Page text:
Ms. BONAMICI. Mr. Chair, I rise today in support of the Democratic budget alternative offered by Ranking Member Van Hollen, and I thank you for allowing me the opportunity to be heard on this important issue. Today I am supporting the Van Hollen Budget and opposing the budget blueprint laid out by Budget Committee Chairman Ryan. The Van Hollen budget acknowledges the concerns that have been expressed to us loudly and clearly by constituents since sequestration took effect March 1st; the Ryan budget exacerbates the problems caused by across-the-board cuts and attempts to recycle ideas that the American people have repeatedly rejected.
According to the Congressional Budget Office, half of our current budget deficit is attributable to high unemployment and lagging economic growth. The approach taken by Chairman Ryan's budget would make the problem worse by cutting investments in education, research, and infrastructure. Implementing this kind of harmful austerity approach will handicap our fledgling economic recovery. The budget I voted for makes strategic cuts, closes tax loopholes, and lays a foundation for economic growth going forward. And perhaps most importantly, the Van Hollen budget ends the damaging sequester and puts our country on a sustainable fiscal path without ending the guarantee of Medicare.
In the months preceding our self-imposed March 1st deadline, sequestration was a central theme in almost every conversation I had with constituents. I spoke with researchers at universities across Oregon who expressed concern about the impact cuts would have on scientific advancement, business leaders who told me they had not hired new workers because of the uncertainty caused by sequestration, and teachers who worried about cuts to vital special education programs. Oregonians, like most Americans, do not support this detrimental approach to policymaking.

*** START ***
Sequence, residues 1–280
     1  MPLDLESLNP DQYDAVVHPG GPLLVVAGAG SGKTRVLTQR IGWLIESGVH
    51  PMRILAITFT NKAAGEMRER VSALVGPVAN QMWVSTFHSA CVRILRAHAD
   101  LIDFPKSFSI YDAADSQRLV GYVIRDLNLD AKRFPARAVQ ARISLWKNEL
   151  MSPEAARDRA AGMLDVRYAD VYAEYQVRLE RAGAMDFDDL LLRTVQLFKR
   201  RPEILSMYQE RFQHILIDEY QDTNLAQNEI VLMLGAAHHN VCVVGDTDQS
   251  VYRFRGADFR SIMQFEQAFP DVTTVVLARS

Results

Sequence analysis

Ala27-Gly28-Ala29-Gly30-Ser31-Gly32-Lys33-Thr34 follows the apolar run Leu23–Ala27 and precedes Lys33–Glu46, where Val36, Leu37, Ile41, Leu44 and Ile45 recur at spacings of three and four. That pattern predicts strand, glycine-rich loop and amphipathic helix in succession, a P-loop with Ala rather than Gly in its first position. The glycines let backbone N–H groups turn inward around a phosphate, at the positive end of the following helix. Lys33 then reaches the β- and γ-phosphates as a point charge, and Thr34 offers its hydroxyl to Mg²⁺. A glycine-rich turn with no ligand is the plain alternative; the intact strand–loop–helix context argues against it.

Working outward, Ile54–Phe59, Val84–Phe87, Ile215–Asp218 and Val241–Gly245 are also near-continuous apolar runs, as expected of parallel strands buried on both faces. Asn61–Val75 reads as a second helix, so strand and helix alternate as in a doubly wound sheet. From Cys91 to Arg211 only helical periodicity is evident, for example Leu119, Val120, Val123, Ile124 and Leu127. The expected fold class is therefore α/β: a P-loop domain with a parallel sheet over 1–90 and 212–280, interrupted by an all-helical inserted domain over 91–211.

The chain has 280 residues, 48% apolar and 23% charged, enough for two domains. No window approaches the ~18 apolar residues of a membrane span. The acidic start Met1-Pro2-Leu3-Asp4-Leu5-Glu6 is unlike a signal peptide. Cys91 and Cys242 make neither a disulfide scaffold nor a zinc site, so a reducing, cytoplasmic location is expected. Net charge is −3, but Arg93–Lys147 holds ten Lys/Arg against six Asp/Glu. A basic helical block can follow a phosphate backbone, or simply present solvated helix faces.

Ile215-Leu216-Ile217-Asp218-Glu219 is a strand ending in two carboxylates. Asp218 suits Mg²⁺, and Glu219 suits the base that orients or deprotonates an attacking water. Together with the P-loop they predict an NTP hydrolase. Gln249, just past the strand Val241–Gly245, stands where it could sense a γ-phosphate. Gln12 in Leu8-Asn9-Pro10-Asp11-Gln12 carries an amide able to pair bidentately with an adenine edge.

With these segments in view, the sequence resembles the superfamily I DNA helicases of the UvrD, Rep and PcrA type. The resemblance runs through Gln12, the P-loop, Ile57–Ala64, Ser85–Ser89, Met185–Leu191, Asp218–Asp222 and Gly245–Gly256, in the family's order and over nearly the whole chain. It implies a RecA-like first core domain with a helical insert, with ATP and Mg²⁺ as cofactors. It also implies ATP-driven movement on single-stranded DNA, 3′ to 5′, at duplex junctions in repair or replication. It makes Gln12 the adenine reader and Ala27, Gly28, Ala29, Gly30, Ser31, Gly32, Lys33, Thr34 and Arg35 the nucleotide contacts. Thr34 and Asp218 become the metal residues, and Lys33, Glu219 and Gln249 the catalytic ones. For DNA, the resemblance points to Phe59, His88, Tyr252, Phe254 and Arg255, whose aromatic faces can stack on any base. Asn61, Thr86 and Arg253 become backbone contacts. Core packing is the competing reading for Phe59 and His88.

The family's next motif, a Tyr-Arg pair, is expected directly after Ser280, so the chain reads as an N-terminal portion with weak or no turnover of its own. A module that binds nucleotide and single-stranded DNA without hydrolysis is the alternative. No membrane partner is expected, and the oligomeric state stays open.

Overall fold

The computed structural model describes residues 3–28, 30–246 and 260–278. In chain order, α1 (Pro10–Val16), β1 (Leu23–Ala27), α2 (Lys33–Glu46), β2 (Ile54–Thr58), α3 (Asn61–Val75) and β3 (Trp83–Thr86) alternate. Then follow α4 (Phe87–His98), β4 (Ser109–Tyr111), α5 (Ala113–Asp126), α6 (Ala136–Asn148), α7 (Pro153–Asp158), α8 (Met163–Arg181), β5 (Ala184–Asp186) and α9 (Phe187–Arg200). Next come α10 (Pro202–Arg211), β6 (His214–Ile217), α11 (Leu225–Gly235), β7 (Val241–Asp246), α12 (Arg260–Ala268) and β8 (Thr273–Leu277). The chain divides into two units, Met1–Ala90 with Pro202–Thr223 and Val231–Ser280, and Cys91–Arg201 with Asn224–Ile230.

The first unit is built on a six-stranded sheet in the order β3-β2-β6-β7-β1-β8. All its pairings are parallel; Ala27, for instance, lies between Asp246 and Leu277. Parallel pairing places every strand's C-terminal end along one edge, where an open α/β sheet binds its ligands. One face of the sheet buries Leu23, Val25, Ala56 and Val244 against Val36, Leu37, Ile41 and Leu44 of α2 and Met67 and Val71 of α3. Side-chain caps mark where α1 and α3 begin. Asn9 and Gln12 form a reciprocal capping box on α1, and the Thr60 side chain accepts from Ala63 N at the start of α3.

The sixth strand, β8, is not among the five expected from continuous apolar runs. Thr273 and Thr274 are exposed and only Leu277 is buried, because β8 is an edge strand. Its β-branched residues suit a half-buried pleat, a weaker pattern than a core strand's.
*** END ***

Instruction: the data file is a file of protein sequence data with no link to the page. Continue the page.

In the weeks following the implementation of the sequester, my offices in Oregon and here in Washington, DC continue to hear numerous additional stories of the hardships brought about by budget uncertainty. For those who rightly raise concern, the budget proposed by Chairman Ryan is another example of DC putting politics over solutions. My constituents want fiscal responsibility from their elected officials; not a budget balanced on the back of the working class and the elderly.
Congress has reduced projected deficits by about $2.7 trillion since August 2010 by cutting discretionary spending, increasing tax rates for families with taxable income over $450,000 a year, and eliminating related debt servicing. The combination of deficit reduction included in Ranking Member Van Hollen's budget and the total deficit reduction achieved to date meets the $4 trillion goal set forth by the bipartisan Simpson-Bowles Commission. Further, the Van Hollen alternative I am supporting today achieves this deficit reduction without implementing the Ryan budget's Medicare voucher plan, while also preserving the Affordable Care Act reforms that currently provide seniors with reduced prescription drug costs and free preventive health care.
Our constituents sent us here to solve the problems created by our predecessors, not to make them worse. The Van Hollen budget alternative puts us on the road to economic recovery while preserving the social safety net. For this reason I am proud to support it.